Madeline Goodwin was just one of four people to testify on a bill that would block Washington States executive action to cut carbon emissions.
Madeline Goodwin was one of just four people who testified at a hearing today on a bill that would block Washington State's executive action to cut carbon emissions. WALEG

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Only four people gave public testimony in front of the Washington State Senate's Energy, Environment, and Telecommunications Committee today about a bill that would prohibit the state from taking any executive action on greenhouse gas emissions. Madeline Goodwin, who graduated from college in 2014 at the ripe old age of 17, was the only woman and only person born after 1990 who spoke.

She was also the only person who chastised the sponsors of the bill.

"I was somewhat startled when I heard about this bill," Goodwin told legislators, "because I had been under the impression that Washington was a little more progressive in their environmental policy than to introduce a bill that would prevent us from taking action on such an important global issue."

The backdrop to today's testimony: Last year, after oil industry-backed Republicans stonewalled any attempt at climate policymaking, Governor Jay Inslee decided to use his executive authority to direct the Department of Ecology to promulgate a rule capping the state's carbon emissions. So this session, two state senators—including the chair of the Senate Energy, Environment, and Telecommunications Committee himself—are trying to block Inslee's move. If passed, Senate Bill 6173 would prevent any state action to limit carbon emissions without the legislative process, where Republicans and their effective senate majority are happy to make sure that the state doesn't do anything about climate change whatsoever.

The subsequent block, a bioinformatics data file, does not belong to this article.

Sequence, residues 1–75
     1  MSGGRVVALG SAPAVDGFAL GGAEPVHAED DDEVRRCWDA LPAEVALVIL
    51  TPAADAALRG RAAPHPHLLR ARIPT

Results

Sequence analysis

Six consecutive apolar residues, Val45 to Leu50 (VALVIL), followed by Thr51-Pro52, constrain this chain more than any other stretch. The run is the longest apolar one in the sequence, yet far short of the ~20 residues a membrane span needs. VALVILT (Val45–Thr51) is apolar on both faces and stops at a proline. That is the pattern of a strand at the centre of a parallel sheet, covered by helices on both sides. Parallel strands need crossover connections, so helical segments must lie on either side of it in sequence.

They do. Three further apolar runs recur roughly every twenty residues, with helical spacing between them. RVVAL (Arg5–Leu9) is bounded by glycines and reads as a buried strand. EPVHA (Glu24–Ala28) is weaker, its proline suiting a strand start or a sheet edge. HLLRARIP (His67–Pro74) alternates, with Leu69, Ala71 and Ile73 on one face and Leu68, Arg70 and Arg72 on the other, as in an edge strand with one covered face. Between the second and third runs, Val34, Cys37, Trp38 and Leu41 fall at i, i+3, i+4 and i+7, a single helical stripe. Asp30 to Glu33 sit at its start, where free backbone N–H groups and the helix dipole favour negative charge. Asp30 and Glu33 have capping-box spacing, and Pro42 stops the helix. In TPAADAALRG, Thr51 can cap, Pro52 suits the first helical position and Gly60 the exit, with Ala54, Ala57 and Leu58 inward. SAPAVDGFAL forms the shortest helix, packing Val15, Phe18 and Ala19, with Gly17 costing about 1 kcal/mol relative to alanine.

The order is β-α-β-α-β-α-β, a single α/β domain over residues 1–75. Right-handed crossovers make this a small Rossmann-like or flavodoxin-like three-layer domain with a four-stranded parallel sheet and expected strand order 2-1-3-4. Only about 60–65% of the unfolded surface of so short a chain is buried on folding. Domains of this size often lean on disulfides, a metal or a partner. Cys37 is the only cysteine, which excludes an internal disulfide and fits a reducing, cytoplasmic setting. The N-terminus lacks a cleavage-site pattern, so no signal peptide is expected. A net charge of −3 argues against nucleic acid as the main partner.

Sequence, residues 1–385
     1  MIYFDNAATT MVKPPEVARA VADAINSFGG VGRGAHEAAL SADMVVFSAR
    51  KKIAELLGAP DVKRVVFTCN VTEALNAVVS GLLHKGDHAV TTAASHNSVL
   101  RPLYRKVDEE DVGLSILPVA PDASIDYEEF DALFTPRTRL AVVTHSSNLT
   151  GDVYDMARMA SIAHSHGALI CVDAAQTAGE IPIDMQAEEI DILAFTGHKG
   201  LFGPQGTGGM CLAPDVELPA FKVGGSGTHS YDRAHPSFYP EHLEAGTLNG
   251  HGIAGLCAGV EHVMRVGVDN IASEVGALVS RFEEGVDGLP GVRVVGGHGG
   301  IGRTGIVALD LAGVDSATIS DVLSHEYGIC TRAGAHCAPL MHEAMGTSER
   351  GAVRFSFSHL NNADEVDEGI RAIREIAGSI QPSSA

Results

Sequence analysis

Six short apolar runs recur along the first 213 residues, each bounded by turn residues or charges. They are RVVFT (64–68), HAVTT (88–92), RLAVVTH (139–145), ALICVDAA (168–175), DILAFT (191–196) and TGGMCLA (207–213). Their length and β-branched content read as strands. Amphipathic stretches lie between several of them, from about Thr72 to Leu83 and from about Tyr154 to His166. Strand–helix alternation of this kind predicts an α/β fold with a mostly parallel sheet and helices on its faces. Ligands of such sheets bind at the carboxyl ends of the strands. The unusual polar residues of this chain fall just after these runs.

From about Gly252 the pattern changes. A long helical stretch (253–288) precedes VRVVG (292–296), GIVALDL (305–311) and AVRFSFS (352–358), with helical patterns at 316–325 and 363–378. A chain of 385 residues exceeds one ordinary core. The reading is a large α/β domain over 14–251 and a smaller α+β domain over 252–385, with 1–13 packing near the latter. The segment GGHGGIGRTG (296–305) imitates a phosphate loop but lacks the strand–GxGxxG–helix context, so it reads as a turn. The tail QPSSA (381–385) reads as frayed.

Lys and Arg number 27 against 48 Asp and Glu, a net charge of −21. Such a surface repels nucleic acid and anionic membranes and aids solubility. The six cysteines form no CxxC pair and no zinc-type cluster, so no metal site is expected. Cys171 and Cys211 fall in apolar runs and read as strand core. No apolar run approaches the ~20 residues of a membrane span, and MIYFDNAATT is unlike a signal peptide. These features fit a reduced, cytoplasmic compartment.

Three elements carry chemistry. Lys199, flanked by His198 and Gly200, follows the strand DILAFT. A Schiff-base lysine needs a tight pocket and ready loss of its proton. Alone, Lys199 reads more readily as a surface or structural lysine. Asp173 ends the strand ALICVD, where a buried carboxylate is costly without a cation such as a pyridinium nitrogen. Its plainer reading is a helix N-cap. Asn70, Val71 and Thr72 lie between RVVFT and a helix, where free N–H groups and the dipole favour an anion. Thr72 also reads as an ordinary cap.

Two of the people who testified in support of the Republicans' bill, Brandon Housekeeper of the Association of Washington Business and Frank Holmes of the Western States Petroleum Association, argued that a cap on carbon emissions would destroy Washington jobs. Senator Doug Ericksen (R-Ferndale), the main sponsor of the bill and the chair of the committee, even went so far as to suggest that people would end up killing themselves or committing domestic violence if a carbon cap went into effect—allegedly because of increased joblessness. (Senator John McCoy, the Democrat from Tulalip, however, suggested that the threat of lost jobs has been used to justify pretty much any argument ever.)

Ericksen then grilled a representative from Climate Solutions about how Washington's carbon cap would affect global climate change. He wanted the number of degrees Washington's action alone would cut on a global scale—which anyone familiar with the basic concepts of climate science knows is not the point.

After the testimony from Climate Solutions, it was Goodwin's turn to speak. "What you as our legislators need to understand is that [climate] is a very complex system and we need to incorporate all aspects of climate action," she shot back, "not just the ones that seem like the low-hanging fruit or the ones that will have nice, neat numbers to support them."

It's doubtful that much got through to Ericksen, who, from what's been posted on his public Facebook page, appears to be preoccupied with limiting trans people's rights, books like "The Moral Case for Fossil Fuels," and Donald Trump.

Check out the bill here.